• Y02TECHNOLOGIES OR APPLICATIONS FOR MITIGATION OR ADAPTATION AGAINST CLIMATE CHANGE
    • Y02EREDUCTION OF GREENHOUSE GAS [GHG] EMISSIONS, RELATED TO ENERGY GENERATION, TRANSMISSION OR DISTRIBUTION
    • Y02E50/00Technologies for the production of fuel of non-fossil origin
    • Y02E50/10Biofuels
    • Y02E50/17Grain bio-ethanol
    • YGENERAL TAGGING OF NEW TECHNOLOGICAL DEVELOPMENTS; GENERAL TAGGING OF CROSS-SECTIONAL TECHNOLOGIES SPANNING OVER SEVERAL SECTIONS OF THE IPC; TECHNICAL SUBJECTS COVERED BY FORMER USPC CROSS-REFERENCE ART COLLECTIONS [XRACs] AND DIGESTS
    • Y02TECHNOLOGIES OR APPLICATIONS FOR MITIGATION OR ADAPTATION AGAINST CLIMATE CHANGE
    • Y02PCLIMATE CHANGE MITIGATION TECHNOLOGIES IN THE PRODUCTION OR PROCESSING OF GOODS
    • Y02P20/00Technologies relating to chemical industry
    • Y02P20/50Improvements relating to the production of products other than chlorine, adipic acid, caprolactam, or chlorodifluoromethane, e.g. bulk or fine chemicals or pharmaceuticals
    • Y02P20/59Biological synthesis; Biological purification

Abstract

The bioconversion of gas feedstreams to liquid products by direct contact with a layer of microorganism obtains enhanced productivity through the regular cycling of liquid across a substrate that supports a biolayer of microorganisms while separating the gas and liquid phases. Such processes produce liquid products such as ethanol, butanol and other chemicals from syngas components by contacting CO or a mixture of CO2 and H2 with a highly porous side of an asymmetric membrane under anaerobic conditions and transferring these components into contact with microorganisms contained within bio-pores of the membrane. A periodic laving of liquid from the liquid contact side to and away from the microorganisms can increase nutrient flow to the microorganisms while enhancing the recovery of liquid products. The process effects laving by temporarily raising the liquid phase pressure relative to the gas phase pressure to periodically surge liquid toward the microorganisms and then restoring the original pressure differential to urge liquid away from the microorgaisms.

Description

    FIELD OF THE INVENTION
  • This invention relates to the biological conversion of gas streams using microorganisms to produce liquid products.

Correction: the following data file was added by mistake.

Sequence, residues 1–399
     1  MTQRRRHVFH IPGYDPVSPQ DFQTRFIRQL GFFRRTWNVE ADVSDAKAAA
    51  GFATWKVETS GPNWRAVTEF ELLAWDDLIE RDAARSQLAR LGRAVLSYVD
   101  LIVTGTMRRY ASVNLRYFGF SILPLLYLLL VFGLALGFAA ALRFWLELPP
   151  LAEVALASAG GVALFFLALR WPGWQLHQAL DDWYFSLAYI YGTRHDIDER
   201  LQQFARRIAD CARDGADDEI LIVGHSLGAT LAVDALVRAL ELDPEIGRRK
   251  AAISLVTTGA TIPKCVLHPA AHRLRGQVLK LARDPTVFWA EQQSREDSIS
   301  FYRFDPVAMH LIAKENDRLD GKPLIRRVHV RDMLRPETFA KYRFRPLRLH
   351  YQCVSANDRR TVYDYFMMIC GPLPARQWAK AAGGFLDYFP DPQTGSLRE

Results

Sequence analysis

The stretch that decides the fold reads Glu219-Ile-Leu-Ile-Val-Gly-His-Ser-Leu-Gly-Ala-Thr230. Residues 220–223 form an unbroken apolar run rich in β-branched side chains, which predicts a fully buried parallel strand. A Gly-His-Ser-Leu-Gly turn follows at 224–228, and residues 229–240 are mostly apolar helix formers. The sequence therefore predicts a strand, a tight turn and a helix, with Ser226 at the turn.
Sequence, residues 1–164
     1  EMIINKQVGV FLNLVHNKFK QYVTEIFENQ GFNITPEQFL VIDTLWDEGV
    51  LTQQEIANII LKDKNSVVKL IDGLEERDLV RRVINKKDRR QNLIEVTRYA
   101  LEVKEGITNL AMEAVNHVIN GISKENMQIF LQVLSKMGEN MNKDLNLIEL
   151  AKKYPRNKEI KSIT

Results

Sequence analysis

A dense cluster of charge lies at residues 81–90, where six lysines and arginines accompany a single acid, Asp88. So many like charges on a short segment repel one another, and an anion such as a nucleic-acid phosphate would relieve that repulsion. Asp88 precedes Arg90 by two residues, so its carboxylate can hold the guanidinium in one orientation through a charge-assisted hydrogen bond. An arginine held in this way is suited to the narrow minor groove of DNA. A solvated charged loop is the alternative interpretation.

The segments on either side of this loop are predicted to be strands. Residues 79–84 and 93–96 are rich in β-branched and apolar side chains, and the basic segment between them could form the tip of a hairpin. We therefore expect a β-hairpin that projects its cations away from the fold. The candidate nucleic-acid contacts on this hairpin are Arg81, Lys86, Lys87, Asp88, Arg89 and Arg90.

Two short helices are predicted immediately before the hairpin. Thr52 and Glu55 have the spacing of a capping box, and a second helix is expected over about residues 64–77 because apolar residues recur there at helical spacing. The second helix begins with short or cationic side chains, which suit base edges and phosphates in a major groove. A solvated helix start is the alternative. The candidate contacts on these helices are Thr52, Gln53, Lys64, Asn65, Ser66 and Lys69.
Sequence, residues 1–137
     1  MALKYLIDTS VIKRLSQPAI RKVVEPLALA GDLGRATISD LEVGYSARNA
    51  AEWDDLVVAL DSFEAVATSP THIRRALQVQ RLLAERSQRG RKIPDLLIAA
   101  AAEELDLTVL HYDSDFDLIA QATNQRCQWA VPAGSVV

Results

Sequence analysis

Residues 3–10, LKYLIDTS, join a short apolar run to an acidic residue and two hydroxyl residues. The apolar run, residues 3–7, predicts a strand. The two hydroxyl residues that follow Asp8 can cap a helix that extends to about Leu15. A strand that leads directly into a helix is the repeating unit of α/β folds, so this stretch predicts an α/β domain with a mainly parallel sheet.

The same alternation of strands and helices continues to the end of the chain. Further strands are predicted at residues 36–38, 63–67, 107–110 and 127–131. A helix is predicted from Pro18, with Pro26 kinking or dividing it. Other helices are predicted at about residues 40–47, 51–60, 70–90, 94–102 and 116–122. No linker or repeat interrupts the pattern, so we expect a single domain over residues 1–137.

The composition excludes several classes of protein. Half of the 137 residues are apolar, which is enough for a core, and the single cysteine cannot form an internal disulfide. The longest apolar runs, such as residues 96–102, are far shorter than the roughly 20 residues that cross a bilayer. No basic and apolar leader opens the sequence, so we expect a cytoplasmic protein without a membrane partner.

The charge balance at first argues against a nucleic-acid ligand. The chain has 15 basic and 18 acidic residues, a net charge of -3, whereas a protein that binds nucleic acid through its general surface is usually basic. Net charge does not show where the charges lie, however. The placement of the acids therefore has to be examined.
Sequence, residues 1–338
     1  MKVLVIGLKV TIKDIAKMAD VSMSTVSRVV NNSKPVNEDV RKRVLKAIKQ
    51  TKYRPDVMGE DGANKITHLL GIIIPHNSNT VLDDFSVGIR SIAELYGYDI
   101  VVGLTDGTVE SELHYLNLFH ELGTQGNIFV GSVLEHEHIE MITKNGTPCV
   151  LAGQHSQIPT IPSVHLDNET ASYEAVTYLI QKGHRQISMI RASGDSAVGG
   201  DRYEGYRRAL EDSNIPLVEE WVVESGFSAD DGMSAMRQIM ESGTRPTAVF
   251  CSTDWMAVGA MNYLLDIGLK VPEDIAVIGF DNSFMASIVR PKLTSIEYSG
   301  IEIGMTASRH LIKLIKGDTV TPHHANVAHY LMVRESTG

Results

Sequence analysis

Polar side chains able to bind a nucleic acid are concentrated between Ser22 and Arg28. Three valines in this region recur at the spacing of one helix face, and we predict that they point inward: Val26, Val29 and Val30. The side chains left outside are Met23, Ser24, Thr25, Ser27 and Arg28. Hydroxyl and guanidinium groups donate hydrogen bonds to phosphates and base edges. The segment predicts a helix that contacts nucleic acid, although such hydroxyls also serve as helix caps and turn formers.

• DETAILED DESCRIPTION Background
  • Biofuels production for use as liquid motor fuels or for blending with conventional gasoline or diesel motor fuels is increasing worldwide. Such biofuels include, for example, ethanol and n-butanol. One of the major drivers for biofuels is their derivation from renewable resources by fermentation and bioprocess technology. Conventionally, biofuels are made from readily fermentable carbohydrates such as sugars and starches. For example, the two primary agricultural crops that are used for conventional bioethanol production are sugarcane (Brazil and other tropical countries) and corn or maize (U.S. and other temperate countries). The availability of agricultural feedstocks that provide readily fermentable carbohydrates is limited because of competition with food and feed production, arable land usage, water availability, and other factors. Consequently, lignocellulosic feedstocks such as forest residues, trees from plantations, straws, grasses and other agricultural residues may become viable feedstocks for biofuel production. However, the very heterogeneous nature of lignocellulosic materials that enables them to provide the mechanical support structure of the plants and trees makes them inherently recalcitrant to bioconversion. Also, these materials predominantly contain three separate classes of components as building blocks: cellulose (C6 sugar polymers), hemicellulose (various C5 and C6 sugar polymers), and lignin (aromatic and ether linked hetero polymers).